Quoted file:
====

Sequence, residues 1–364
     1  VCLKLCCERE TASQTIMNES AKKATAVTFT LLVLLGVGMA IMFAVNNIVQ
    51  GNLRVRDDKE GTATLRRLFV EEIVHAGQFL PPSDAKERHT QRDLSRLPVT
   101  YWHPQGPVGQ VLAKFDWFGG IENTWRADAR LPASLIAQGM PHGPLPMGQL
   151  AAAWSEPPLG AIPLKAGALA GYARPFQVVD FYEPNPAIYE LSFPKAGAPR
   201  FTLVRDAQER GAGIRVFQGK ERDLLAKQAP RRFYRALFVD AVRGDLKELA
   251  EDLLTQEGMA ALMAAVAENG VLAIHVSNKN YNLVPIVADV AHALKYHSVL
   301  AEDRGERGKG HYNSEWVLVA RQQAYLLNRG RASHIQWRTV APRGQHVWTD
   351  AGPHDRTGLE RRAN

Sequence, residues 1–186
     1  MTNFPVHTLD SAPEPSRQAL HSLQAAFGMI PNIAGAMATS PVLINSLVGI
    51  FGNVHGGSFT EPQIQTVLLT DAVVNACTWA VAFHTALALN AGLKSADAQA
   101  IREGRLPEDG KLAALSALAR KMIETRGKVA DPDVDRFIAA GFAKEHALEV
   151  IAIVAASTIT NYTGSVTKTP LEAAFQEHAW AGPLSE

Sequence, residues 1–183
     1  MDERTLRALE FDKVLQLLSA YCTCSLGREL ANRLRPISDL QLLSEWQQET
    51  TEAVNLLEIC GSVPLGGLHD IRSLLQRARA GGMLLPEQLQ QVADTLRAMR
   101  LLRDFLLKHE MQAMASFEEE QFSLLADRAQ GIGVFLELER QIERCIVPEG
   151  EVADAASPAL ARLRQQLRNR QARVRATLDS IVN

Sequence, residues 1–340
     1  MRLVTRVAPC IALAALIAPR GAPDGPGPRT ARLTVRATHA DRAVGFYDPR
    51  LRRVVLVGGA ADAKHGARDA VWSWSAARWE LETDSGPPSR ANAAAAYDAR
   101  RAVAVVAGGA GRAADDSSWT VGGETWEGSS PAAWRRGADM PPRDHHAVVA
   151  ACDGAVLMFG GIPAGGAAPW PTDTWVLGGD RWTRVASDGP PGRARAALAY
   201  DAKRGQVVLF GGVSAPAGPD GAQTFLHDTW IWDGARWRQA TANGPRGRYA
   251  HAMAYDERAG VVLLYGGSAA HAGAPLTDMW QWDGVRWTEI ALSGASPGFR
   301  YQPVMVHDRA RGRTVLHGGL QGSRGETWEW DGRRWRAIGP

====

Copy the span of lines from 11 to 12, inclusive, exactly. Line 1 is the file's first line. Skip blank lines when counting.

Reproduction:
     1  MTNFPVHTLD SAPEPSRQAL HSLQAAFGMI PNIAGAMATS PVLINSLVGI
    51  FGNVHGGSFT EPQIQTVLLT DAVVNACTWA VAFHTALALN AGLKSADAQA